• If ‘Pain Is an Opinion,’ There Are Ways to Change Your Mind

    The following originally appeared on The Upshot (copyright 2019, The New York Times Company). It also appeared on page A20 of the print edition on December 3, 2019.

    Some days I’m grumpy; other times, my head hurts or my feet or my arms do. Yet when I play the trumpet, my mood improves and the pain disappears. Why?

    Alternative medicine — including music therapy — is full of pain-relief claims. Although some are simply too good to be true, the oddities of pain can explain why others hold up, as well as why my trumpet playing helps.

    One thing we tend to believe about pain, but is wrong, is that it always stems from a single, fixable source. Another is that pain is communicated from that source to our brains by “pain nerves.” That’s so wrong it’s called “the naïve view” by neuroscientists.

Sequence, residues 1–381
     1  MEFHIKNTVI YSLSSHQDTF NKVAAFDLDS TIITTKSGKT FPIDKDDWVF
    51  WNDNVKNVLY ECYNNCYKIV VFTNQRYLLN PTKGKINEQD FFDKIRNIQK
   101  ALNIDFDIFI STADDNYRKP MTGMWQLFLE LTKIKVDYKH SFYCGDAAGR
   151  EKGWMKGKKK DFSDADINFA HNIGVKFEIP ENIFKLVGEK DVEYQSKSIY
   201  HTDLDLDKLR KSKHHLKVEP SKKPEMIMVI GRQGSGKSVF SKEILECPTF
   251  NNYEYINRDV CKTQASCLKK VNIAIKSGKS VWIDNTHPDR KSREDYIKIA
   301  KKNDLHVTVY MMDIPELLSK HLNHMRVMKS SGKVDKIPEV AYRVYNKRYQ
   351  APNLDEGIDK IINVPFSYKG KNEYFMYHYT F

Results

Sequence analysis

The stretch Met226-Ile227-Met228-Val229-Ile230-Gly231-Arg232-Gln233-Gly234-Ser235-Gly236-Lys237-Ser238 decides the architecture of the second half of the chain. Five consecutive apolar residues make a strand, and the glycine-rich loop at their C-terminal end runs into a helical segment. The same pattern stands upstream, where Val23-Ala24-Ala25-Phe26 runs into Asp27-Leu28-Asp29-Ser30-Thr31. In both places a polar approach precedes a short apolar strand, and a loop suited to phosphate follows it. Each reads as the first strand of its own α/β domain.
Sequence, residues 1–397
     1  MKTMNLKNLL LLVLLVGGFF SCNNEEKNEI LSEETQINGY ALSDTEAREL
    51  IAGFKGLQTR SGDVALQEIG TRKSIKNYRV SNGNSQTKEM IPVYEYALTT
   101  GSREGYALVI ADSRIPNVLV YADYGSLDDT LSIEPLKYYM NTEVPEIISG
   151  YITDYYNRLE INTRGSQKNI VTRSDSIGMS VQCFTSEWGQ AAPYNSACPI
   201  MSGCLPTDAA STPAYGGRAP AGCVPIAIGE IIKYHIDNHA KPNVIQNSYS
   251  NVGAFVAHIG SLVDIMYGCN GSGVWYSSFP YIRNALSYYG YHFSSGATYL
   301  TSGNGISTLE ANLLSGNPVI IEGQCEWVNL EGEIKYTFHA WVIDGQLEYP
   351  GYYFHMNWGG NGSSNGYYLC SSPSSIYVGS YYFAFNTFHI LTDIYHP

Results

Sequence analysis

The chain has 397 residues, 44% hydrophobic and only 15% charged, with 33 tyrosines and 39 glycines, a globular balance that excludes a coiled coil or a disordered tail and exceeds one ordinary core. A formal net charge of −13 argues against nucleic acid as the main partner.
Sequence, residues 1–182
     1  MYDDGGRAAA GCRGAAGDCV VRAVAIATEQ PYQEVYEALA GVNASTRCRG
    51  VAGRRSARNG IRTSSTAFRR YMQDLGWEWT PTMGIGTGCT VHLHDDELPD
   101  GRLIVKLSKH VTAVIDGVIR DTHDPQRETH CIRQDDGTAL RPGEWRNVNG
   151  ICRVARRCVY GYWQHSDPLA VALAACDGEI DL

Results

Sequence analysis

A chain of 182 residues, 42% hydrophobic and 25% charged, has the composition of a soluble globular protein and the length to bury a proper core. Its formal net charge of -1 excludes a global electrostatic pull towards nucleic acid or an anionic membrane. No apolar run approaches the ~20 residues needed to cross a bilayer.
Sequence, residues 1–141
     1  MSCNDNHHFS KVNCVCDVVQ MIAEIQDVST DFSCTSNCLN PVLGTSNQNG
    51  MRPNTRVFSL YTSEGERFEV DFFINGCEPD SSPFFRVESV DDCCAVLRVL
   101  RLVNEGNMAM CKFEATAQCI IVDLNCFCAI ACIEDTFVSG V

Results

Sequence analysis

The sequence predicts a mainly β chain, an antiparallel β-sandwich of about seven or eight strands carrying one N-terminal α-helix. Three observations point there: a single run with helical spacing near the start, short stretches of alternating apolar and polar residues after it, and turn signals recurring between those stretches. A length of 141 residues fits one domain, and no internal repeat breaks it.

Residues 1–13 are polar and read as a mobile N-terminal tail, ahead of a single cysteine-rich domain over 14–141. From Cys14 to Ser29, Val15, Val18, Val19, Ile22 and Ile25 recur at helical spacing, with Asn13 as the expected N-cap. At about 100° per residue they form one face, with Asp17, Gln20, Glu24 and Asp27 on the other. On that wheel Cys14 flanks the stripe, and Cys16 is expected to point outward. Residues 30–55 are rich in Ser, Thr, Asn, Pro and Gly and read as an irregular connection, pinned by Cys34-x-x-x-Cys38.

In truth, pain is in our brain. Or as the author and University of California, San Diego, neuroscientist V. S. Ramachandran put it, “Pain is an opinion.” We feel it because of how our brain interprets input transmitted to it from all our senses, not necessarily because of the inherent properties of the input itself. There are no nerves dedicated to sensing and transmitting pain.

    @afrakt

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